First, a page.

It is almost time for the big day! The grand opening of Shanghai Disneyland is next week and it’s time to prepare! If you’ve been following along (here and here) then you know this is quite the task to get to Shanghai Disneyland. This is going to be the last post about prepping for the trip (single tear) because the next posts will be while I’m out there and covering Hong Kong Disneyland and Shanghai’s big opening!
But, how am I getting ready? Here’s how…
Your Guide To Foreign Countries
I will have some extra days in between park venturing, so I get to explore the cities of Hong Kong and Shanghai. I could take the roam around and look at random things approach. I could just get there and ask the hotel clerks what there is to do. But, I have a different way in mind: plan those days with guide books.
Ok! Great! Guide books! Which guide books?
That’s a great question (yeah, I’m kinda talking to myself). There are many travel books out there. They are all differing in their approach to laying out travel tips and the like. Choosing one is a matter of preference. It’s best to pick one that you will be comfortable with using. And the best way to go about it is to visit some book stores to browse through the copies. Another way of sampling is online at Amazon.com. There’s a sample of the ebook format that gives an idea of what to expect from the full book.
You might be thinking, wouldn’t you just get an ebook version?
No. No I would not. The reason is that electronics will run out of battery. If you need info while you’re walking around doing the tourist thing you’ll be out of luck if the device is dead. Real paper books will be handy to take. As bulky as it is, it’ll pay off.
Now you may be wondering which books I chose. I went with the Lonely Planet guides to Hong Kong and Shanghai. The main reasons were the trip planning sections that laid out sample budgets. The other reason is many of the sights and other recommended places had a pinyin address listed. Pinyin is one of the written languages in China, and having that written out means I can point to it to a taxi driver and the driver will know where to go exactly. The runner ups were the Rough Guides. They had almost equal info regarding sight recommendations and getting around the cities. But, the pinyin address and trip preparation parts won me over for Lonely Planet. If you’re a little worried about bulkiness with the books, both offer pocket guides too.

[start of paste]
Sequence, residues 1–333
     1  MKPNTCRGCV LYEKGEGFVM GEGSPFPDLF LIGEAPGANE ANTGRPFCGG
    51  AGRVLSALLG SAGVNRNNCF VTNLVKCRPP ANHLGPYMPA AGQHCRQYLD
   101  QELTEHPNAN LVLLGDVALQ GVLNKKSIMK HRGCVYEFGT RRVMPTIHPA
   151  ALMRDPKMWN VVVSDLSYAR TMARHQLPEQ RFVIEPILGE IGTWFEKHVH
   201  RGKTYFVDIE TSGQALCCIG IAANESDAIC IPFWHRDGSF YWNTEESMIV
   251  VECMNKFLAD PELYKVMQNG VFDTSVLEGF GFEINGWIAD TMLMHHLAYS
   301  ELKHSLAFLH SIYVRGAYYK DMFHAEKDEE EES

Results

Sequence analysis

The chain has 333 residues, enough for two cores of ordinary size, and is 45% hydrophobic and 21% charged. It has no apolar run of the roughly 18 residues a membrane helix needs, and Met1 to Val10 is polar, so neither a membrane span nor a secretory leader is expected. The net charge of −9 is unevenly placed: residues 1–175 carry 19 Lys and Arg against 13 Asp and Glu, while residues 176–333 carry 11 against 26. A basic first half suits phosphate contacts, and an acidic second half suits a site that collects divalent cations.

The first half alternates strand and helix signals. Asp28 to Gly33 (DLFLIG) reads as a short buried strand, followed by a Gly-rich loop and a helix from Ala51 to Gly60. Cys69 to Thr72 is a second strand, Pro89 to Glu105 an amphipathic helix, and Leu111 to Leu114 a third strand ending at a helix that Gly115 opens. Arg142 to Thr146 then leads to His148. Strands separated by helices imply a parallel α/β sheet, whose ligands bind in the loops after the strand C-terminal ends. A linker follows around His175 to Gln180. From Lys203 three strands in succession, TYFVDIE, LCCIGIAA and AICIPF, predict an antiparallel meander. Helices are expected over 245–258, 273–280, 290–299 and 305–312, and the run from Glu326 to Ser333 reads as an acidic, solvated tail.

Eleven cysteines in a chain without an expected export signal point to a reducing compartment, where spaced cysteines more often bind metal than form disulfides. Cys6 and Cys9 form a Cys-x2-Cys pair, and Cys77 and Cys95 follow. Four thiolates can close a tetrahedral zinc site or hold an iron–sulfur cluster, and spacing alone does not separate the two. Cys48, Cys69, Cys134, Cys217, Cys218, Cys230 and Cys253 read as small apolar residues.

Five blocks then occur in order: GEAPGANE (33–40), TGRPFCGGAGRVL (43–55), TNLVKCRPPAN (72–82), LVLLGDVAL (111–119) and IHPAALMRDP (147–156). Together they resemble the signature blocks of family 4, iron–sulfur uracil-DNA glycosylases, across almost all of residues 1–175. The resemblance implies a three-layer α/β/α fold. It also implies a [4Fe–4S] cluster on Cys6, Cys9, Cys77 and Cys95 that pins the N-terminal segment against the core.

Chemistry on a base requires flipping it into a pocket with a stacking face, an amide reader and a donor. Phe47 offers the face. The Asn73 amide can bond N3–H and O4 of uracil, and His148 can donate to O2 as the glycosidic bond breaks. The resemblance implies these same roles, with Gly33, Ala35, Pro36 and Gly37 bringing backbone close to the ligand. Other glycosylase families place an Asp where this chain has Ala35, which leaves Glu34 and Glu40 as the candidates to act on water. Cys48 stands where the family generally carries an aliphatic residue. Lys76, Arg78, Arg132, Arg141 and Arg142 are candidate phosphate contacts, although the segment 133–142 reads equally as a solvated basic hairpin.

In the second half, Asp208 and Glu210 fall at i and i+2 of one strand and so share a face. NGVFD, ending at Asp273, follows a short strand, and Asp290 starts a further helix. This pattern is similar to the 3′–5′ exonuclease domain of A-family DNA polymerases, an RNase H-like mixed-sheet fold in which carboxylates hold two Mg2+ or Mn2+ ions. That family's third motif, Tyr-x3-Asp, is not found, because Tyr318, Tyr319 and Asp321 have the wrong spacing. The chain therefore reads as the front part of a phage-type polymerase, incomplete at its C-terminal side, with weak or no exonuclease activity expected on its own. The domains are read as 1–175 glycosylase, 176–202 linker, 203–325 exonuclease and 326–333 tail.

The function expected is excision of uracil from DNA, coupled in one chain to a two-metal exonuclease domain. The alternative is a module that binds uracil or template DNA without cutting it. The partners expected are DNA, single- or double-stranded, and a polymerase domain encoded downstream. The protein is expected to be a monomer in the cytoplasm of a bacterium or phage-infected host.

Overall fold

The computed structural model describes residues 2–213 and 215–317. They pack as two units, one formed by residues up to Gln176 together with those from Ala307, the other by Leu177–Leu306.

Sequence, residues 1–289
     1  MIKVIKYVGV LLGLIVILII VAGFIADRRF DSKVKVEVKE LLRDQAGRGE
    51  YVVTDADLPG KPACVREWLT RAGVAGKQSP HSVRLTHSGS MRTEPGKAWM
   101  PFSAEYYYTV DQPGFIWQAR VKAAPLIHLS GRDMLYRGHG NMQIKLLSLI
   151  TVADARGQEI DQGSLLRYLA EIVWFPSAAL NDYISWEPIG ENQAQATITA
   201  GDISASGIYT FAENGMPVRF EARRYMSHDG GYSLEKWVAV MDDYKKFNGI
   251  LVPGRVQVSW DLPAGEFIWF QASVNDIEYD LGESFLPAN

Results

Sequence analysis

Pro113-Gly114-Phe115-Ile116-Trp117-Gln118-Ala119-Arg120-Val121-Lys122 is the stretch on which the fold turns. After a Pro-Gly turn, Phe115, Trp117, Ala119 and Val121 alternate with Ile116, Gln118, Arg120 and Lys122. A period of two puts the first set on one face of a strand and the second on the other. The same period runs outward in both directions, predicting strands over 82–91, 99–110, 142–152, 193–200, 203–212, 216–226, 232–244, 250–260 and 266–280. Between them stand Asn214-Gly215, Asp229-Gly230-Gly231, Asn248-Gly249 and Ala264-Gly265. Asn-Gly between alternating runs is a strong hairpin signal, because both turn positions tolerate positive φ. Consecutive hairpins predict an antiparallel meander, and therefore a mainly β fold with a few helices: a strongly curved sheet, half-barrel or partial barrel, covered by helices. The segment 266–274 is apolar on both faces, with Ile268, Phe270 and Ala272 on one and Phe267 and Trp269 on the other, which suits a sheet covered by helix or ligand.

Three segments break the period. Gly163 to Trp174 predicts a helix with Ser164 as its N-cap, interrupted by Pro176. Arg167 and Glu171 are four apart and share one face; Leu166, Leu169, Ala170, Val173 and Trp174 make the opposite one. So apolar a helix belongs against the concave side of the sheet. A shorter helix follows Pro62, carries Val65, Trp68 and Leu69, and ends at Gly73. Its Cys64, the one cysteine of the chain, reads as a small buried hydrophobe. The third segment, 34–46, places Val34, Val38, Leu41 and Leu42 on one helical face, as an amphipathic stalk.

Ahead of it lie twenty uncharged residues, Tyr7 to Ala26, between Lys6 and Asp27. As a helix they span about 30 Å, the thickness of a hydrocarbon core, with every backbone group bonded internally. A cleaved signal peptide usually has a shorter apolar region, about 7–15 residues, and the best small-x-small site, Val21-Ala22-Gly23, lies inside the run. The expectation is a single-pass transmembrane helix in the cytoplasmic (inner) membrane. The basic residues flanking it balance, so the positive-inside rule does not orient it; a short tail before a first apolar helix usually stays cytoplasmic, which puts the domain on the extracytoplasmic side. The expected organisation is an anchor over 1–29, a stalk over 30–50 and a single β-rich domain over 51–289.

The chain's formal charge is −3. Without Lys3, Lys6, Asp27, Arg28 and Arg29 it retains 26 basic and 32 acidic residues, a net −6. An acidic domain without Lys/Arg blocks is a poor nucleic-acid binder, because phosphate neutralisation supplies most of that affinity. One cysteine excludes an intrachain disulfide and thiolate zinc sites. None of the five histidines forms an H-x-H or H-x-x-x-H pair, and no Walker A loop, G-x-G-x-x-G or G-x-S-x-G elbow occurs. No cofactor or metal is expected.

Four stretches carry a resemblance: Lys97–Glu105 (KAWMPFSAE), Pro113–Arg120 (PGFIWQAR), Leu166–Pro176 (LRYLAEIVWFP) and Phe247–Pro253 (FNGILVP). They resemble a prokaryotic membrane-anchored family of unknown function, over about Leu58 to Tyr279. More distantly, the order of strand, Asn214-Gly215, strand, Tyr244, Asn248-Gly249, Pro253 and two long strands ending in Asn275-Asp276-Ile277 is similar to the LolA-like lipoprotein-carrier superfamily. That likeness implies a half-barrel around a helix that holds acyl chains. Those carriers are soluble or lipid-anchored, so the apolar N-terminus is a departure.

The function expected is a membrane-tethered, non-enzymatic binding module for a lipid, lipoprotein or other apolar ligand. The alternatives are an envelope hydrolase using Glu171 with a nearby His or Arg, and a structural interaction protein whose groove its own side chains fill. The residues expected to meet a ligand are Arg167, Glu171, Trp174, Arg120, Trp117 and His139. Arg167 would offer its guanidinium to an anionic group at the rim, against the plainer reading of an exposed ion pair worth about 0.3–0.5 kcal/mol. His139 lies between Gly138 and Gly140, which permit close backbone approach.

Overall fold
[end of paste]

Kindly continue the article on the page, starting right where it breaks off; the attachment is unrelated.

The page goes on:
International travel lesson #7 – Pick a physical guide book you like, and that you can take with you.
Making The Dough
As I went through the books and even researched the parks, I picked out things I wanted to do…and eat. But, that means making a budget of the trip. Again, Lonely Planet’s guides help by giving ideas of a budget, but it’s good to think through how much to spend. I recommend exchanging money before taking off for the trip. It’s true that sometimes exchange rates are a bit better at the hotels you may stay at, but you’re going to want to have money at hand when you land. I have been stranded with friends at an airport (Beijing, actually) without knowing where I was going at first. It was late at night there and desks were closed to exchange money. Fortunately we already exchanged the money and were able to get to where we needed to go because of that. Don’t worry about exchange rates, just get the dough!
International travel lesson #8 – Exchange currency before going to the country
Pack It Up
I can remember 99% of what I need to pack without a list. I’m fairly good at getting it all together. But, a trip like this means I will make a big, extensive list to make sure I take everything. There’s no guarantee I can get what I need over there. Make a list. Check it twice. Find out who’s naughty and nice…wait, wrong list.
The big things are if you need medication, make sure you have enough to cover a day after you get back from your trip. Why that much time? You may run out on the last day on that flight. It means you must get a refill when you get back, but if you run out where you don’t have a pill that day of refill you’re out of luck until it gets refilled. One last pill makes for a buffer for that refill.
Other packing tips in no particular order are to pack a change of clothes in your carry on. Airline could lose your checked luggage at first.
Get a travel wallet to keep the very important documents and items, like passport and credit card. It’s something that goes around your neck and can hide under your shirt. It’s for safety where there could be pickpockets where you travel to. Not to scare you, but it is very possible. Having something that is much closer to your body will serve well.
Bring necessities that don’t seem like something you would normally take on a trip, like a roll of toilet paper. It’s a foreign country. You never know.
Bring a few things to do on the plane. It’s a long flight. As much as there is in-flight entertainment, it’s all movies. Books are good. Portable video game systems, sure. And bring some snacks too. Your body isn’t acclimated to the time yet. You could get hungry at midnight because it’s really 6 pm.
Well, that’s all I have as I make my way to China. It’s exciting and epic! And, as you can tell from the posts, the more prepared the better the trip!
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